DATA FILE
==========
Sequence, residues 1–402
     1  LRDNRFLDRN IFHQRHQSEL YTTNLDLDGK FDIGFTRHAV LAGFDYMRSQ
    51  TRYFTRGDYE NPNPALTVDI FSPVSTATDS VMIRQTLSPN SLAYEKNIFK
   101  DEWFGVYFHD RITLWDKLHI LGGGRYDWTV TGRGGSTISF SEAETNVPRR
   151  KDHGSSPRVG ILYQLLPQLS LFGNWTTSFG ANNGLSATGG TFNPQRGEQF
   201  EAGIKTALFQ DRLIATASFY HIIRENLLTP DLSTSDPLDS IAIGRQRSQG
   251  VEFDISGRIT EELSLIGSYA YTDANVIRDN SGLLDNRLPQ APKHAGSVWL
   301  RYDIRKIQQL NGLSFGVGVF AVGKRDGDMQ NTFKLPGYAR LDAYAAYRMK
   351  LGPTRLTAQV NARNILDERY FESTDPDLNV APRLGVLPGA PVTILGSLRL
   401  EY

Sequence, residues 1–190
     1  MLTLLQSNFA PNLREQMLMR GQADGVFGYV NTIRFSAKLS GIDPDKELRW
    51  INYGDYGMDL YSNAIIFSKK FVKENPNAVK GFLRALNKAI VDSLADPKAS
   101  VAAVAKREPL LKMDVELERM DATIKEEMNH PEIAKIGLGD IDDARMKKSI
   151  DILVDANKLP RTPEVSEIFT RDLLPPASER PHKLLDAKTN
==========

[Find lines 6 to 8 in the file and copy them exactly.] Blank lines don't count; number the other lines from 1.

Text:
   201  EAGIKTALFQ DRLIATASFY HIIRENLLTP DLSTSDPLDS IAIGRQRSQG
   251  VEFDISGRIT EELSLIGSYA YTDANVIRDN SGLLDNRLPQ APKHAGSVWL
   301  RYDIRKIQQL NGLSFGVGVF AVGKRDGDMQ NTFKLPGYAR LDAYAAYRMK